NASCAR Champion Jimmie Johnson speaks out after in-laws murder-suicide


NASCAR star Jimmie Johnson opens up about his family’s recent tragedy.

The seven-time Cup Series champion lost three of his in-laws last month to what authorities suspect is a murder-suicide. Jack and Terry Lynn Janway – the parents of Johnson’s wife – and their young grandson Dalton were found dead in an Oklahoma home on June 26.

“Our family is devastated by the loss of Lynn, Jack and Dalton Janway,” Johnson wrote on Friday in an Instagram post. “We are honored by the tremendous love and support at this unimaginably sad time and appreciate all of your sympathy.”

The bodies were discovered at the Muskogee home after a woman called 911 to report a gun-related malfunction. Police entered the home and found 69-year-old Jack Janway dead in a hallway. They then heard a gunshot before coming upon the bodies of Terry Lynn Janway, 68, and Dalton, 11.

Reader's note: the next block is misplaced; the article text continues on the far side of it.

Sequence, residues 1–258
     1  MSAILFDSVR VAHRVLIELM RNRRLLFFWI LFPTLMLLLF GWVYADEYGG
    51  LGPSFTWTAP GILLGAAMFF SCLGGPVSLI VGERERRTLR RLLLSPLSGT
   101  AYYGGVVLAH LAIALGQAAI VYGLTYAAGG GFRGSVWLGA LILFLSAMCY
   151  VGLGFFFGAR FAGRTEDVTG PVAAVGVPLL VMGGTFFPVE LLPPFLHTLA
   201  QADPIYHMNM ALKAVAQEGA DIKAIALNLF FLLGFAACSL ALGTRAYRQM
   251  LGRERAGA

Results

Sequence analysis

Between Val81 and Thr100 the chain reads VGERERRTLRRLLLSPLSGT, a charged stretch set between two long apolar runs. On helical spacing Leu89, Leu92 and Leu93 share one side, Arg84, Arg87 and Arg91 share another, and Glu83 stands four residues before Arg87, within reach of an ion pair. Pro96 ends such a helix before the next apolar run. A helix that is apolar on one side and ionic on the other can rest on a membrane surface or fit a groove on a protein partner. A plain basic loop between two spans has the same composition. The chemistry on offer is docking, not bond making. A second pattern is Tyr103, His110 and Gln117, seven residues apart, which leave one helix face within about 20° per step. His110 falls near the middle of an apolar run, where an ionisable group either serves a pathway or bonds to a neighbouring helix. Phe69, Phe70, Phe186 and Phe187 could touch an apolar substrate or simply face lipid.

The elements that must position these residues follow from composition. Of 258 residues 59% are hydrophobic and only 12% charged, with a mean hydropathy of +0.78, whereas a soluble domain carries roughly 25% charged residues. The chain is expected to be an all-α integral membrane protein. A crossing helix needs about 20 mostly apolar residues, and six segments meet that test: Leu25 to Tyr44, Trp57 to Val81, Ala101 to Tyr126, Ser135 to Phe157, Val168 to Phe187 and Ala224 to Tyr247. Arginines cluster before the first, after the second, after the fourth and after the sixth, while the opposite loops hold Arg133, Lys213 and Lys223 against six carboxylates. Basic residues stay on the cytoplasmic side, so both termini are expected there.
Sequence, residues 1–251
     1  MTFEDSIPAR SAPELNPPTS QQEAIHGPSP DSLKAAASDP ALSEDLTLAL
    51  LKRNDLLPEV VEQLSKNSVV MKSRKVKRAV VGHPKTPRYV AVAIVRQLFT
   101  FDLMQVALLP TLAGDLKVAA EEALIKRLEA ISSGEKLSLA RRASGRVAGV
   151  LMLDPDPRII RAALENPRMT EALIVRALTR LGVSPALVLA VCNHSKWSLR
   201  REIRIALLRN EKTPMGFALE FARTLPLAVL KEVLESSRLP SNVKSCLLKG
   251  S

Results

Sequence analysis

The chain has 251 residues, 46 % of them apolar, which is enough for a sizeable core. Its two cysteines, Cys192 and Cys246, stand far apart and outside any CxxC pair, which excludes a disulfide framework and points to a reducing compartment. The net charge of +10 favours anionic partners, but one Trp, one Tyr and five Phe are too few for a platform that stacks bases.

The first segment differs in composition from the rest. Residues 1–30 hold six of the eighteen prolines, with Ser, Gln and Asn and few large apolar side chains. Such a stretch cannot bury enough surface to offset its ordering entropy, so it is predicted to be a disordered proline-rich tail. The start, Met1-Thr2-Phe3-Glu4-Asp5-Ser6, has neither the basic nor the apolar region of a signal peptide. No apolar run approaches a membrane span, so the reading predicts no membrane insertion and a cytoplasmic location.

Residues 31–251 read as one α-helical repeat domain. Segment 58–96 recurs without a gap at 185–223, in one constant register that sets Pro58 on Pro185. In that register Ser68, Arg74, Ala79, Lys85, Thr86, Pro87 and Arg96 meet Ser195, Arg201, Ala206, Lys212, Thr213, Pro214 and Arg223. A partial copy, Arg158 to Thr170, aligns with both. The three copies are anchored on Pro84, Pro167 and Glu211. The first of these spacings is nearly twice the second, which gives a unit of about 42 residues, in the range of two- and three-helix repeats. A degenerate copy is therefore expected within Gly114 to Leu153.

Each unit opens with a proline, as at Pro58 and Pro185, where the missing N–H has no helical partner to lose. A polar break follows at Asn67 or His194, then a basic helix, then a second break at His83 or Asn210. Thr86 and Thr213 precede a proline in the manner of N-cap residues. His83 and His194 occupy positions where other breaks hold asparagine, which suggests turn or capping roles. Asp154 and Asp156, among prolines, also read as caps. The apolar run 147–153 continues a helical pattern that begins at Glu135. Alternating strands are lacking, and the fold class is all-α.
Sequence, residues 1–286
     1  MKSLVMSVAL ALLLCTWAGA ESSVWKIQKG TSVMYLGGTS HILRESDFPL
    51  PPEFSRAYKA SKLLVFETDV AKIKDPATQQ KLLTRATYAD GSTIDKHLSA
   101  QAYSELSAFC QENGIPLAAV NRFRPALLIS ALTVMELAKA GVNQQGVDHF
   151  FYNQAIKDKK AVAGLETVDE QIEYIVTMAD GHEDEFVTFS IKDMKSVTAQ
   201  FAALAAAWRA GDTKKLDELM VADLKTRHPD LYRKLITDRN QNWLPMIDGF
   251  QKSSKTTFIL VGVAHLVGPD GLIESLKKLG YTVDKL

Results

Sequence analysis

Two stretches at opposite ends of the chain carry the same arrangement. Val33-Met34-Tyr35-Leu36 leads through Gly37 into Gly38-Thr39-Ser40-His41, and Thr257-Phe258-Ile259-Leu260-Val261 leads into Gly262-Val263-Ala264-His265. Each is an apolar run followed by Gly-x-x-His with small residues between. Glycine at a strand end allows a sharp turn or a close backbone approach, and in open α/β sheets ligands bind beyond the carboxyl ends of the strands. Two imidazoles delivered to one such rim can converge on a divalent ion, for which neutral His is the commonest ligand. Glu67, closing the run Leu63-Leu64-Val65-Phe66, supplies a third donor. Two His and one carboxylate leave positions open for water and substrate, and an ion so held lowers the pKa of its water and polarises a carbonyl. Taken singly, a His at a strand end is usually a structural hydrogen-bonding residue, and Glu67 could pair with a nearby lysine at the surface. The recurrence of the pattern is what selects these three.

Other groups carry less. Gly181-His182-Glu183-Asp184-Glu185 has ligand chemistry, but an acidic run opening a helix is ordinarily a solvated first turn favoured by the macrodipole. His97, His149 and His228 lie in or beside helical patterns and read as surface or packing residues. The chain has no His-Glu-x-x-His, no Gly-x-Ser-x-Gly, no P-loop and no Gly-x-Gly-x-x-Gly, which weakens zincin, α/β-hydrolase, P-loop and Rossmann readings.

Muskogee Police Spokesman said Lynn Hamlin at the time that investigators believed Terry Lynn Janway fatally shot her husband and grandson before taking her own life. Police body cam footage The moment was captured when officers entered the home and found Jack Janway dead under a blanket.

When the news broke, NASCAR issued a message of condolences.

“We are saddened by the tragic deaths of members of Chandra Johnson’s family” it said, referring to Jimmie Johnson’s wife. “The entire NASCAR family extends their deepest support and condolences to Chandra, Jimmie and the entire Johnson & Janway families at this difficult time.”

Jimmie Johnson retired from a race in Chicago after the tragedy but did not publicly comment on the incident as of Friday. Although no motive for the shooting was given, Terry Lynn Janway said allegedly later struggled with depression lose her son In a skydiving accident in 2014.

Johnson retired from NASCAR in 2020 to join IndyCar’s Chip Ganassi Racing. He recently competed in a NASCAR Cup Series race in Charlotte, North Carolina in May.

If you or someone you know needs help, call 988, text, or chat to support mental health. In addition, see local resources for mental health and crises at Outside the US, please visit the International Association for Suicide Prevention.

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